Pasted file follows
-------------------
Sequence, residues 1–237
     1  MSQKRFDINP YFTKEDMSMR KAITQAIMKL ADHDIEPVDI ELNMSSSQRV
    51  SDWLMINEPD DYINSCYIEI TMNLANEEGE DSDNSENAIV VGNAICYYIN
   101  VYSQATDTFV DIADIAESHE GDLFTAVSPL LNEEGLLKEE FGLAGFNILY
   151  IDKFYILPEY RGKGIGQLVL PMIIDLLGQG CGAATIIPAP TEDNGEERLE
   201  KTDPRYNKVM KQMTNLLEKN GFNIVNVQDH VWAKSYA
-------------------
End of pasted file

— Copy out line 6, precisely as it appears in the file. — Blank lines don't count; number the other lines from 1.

   201  KTDPRYNKVM KQMTNLLEKN GFNIVNVQDH VWAKSYA